Behind the Barriers With: Leeanne Smith
Dedicated. Professional. Experienced. Benevolent. Battling. Exhausted. These words could be used to describe just about anyone who works in racing.
Today, breeder Leeanne Smith is preparing to transport her draft of 13 yearlings to Melbourne for this Sunday’s Inglis Melbourne Gold Yearling Sale. After a quick post-Easter debrief, she ends our call with “Well, I’d better keep moving, if I stop I’ll fall asleep”. It’s a familiar ending to our regular phone conversations.
Leeanne has been in my life for as long as I’ve been alive. Before I hit double digits, whatever I wasn’t learning in my father’s stable, I was being taught at her Wangaratta training stables during school holidays. Whilst my box-mucking skills were fine tuned, I was also absorbing life lessons I wouldn’t realise until I was much older.
As the cliché goes, Leeanne (or ‘Aunty Lil’ as she’s affectionately known) became involved with racehorses at a very young age. She was a 12 year old girl who, from a single parent family with three brothers, wanted a pony and needed a way to pay for its upkeep. Walking into the Mordialloc stables of Bon Hoysted, she picked up a job of mucking out boxes before school for a small wage. The love affair with racing started as the master trainer took her under his wing.
Leeanne Smith (left) with 2018 Bucklee Farm sales team
Leeanne strapped many racehorses over the years, but none have come close to Hall of Fame inductee, Manikato.
In his 40 years of training, Bon had never won a Group 1 race until Manikato came along. As a two-year-old in 1978, Manikato won the Blue Diamond Stakes and Golden Slipper double. Bon passed away suddenly after this and his brother Bob subsequently took over. Manikato would go on to add a further seven Group 1 and 16 Group 2 victories to his resume. He broke at least three track records and was the second Australian horse behind Kingston Town, to achieve $1 million in prizemoney.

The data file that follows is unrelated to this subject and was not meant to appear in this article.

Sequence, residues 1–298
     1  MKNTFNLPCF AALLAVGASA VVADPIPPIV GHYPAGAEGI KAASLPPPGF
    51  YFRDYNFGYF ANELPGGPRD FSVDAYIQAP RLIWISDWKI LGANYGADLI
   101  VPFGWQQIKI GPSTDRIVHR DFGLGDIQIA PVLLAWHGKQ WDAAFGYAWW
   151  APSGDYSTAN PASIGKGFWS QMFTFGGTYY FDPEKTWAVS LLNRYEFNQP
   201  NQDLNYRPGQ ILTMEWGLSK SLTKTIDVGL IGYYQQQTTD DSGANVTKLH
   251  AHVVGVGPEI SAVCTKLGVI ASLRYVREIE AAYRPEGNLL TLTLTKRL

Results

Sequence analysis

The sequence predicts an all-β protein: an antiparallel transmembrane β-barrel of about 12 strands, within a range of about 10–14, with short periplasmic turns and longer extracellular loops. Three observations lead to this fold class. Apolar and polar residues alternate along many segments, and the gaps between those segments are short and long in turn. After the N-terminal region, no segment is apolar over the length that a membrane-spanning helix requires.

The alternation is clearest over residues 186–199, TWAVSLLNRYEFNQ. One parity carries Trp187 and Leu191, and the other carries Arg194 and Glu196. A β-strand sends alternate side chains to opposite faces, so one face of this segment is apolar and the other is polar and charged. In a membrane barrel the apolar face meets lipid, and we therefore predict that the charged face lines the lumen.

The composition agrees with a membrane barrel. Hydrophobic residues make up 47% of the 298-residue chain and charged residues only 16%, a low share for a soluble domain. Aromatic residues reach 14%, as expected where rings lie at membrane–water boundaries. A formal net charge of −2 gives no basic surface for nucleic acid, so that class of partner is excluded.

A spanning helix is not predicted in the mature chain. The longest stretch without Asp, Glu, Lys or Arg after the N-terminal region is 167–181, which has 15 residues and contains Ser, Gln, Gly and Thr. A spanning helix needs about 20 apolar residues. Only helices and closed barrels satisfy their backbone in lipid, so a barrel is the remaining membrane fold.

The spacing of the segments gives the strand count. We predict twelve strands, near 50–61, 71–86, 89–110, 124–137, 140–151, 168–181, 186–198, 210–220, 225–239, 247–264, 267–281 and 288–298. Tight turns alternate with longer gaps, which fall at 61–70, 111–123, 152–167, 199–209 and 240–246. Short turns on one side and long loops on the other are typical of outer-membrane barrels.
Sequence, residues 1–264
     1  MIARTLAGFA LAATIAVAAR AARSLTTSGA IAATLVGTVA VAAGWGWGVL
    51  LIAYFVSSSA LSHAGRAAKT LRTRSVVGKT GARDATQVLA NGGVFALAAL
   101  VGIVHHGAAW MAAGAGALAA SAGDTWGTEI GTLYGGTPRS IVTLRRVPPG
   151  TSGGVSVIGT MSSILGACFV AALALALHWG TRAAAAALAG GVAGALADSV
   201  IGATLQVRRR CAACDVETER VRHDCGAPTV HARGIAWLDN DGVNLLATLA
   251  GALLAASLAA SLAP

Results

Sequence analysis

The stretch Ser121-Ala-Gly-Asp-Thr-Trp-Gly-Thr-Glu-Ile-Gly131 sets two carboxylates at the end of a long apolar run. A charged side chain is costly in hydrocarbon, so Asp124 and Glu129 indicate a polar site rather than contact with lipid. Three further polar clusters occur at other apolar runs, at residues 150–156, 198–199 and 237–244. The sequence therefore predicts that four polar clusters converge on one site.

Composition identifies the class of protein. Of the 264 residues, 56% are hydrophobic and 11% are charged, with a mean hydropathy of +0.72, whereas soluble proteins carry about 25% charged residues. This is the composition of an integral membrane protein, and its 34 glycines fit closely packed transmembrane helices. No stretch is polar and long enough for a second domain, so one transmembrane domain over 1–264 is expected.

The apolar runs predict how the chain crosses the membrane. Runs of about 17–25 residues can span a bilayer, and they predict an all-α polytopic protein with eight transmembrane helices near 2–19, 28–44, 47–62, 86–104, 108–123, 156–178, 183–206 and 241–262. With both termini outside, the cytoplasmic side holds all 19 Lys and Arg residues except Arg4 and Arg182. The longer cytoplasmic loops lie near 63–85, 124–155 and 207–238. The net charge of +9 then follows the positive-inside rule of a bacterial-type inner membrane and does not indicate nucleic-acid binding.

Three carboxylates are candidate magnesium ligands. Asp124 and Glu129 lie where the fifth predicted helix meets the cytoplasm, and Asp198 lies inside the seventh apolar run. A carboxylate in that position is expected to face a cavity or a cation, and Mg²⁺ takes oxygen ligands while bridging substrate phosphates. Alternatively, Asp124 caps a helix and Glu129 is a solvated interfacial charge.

“Only a handful of people are lucky enough to be associated with a champion,” says Leeanne. “I was one of them.”
Moving to Euroa to seek a new adventure saw Leeanne working for Victoria’s first and only stud mistress at the time, Thelma Harris of Lauriston Park.
“She imprinted my horse knowledge, and I am so grateful to her,” recalls Leeanne.
“She was a brilliant yearling preparer and she taught me the basics. From the first day, she changed me from a stable girl to a farm girl, and I haven’t looked back since.”
Along the way, Leanne took out her own trainers licence, basing herself at those Wangaratta stables I would come to frequent. She would eventually win the one race that meant so much to her, the Bonny Hoysted Apprentices Cup at Pakenham.
“I had strapped a true champion for Bon and I had won his race. I was in tears leaving the grandstand that night.”
In 1995, Leeanne and her partner Peter Buckley purchased an old run-down dairy farm in Greta West, a few kilometres out of Glenrowan, in North East Victoria. The property, now known as Bucklee Farm, is a boutique broodmare, weanling and yearling farm. It is also home to a family of miniature and Shetland ponies, dogs, cats and chickens. Out that way, Mother Nature is not always kind, but each and every animal on the property is cared for with the utmost attention.
Continuing to juggle training with building up the farm, Leeanne eventually retired from training to focus solely on the farm as her clientele grew. Some fine Victorian bred racehorses have been born and raised at Bucklee Farm – Miss Norway, She’s Our Gift, Sopressa, Money Maher, Free of Debt, Geraldine’s Jewel and Group 2 winner Cliff’s Edge.
This industry is literally 24/7. It’s not a job, it’s a lifestyle. Leeanne is one of those racing people who, even though riches may have eluded her, continues her work with a passion that is becoming harder to find these days. And anyway, it’s not about the money. She’s rich in other ways.
A slight limp caused by a horse kick might slow her down a little these days but Leeanne isn’t showing any signs of stopping. She is my inspiration, my motivation and my sounding board. On those days where giving up appears the easiest option, she’ll pull me back into line. “If I’m not quitting, then neither are you.”
If you’re heading out to Oaklands Junction this week, keep an eye out for Leeanne. She’ll be the one running her barn like a well-oiled machine and turning her babies out in their best order – shiny coats, glossy hooves and no matter the weather, there will be a smile on her face.
Click here to view Bucklee Farm’s full draft for the 2019 Inglis Melbourne Gold Yearling Sale. Held this Sunday 28th April from 10am, inspections commence Thursday.
**Racing Girl will be on a break during May as I’m heading overseas for a family holiday. Follow my adventures on Instagram (@tailryan) or Facebook (Racing Girl Blog).
Champion racehorse, Manikato.